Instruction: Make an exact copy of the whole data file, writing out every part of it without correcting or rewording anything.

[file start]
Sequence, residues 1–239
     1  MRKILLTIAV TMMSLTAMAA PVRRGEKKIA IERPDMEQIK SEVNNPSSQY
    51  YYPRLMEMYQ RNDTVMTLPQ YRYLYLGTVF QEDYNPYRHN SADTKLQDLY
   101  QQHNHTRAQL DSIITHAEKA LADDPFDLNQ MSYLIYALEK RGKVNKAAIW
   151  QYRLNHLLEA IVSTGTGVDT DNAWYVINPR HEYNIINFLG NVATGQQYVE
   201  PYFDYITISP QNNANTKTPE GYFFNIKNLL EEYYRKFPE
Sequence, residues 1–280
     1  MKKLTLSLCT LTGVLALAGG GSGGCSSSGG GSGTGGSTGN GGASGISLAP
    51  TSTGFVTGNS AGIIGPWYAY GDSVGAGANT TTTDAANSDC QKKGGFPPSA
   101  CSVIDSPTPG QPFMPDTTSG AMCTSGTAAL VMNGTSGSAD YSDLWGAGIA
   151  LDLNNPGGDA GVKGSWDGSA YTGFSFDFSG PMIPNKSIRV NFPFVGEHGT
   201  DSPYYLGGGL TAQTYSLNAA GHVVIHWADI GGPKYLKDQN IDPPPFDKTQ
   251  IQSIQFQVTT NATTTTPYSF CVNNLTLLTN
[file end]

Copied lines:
Sequence, residues 1–239
     1  MRKILLTIAV TMMSLTAMAA PVRRGEKKIA IERPDMEQIK SEVNNPSSQY
    51  YYPRLMEMYQ RNDTVMTLPQ YRYLYLGTVF QEDYNPYRHN SADTKLQDLY
   101  QQHNHTRAQL DSIITHAEKA LADDPFDLNQ MSYLIYALEK RGKVNKAAIW
   151  QYRLNHLLEA IVSTGTGVDT DNAWYVINPR HEYNIINFLG NVATGQQYVE
   201  PYFDYITISP QNNANTKTPE GYFFNIKNLL EEYYRKFPE
Sequence, residues 1–280
     1  MKKLTLSLCT LTGVLALAGG GSGGCSSSGG GSGTGGSTGN GGASGISLAP
    51  TSTGFVTGNS AGIIGPWYAY GDSVGAGANT TTTDAANSDC QKKGGFPPSA
   101  CSVIDSPTPG QPFMPDTTSG AMCTSGTAAL VMNGTSGSAD YSDLWGAGIA
   151  LDLNNPGGDA GVKGSWDGSA YTGFSFDFSG PMIPNKSIRV NFPFVGEHGT
   201  DSPYYLGGGL TAQTYSLNAA GHVVIHWADI GGPKYLKDQN IDPPPFDKTQ
   251  IQSIQFQVTT NATTTTPYSF CVNNLTLLTN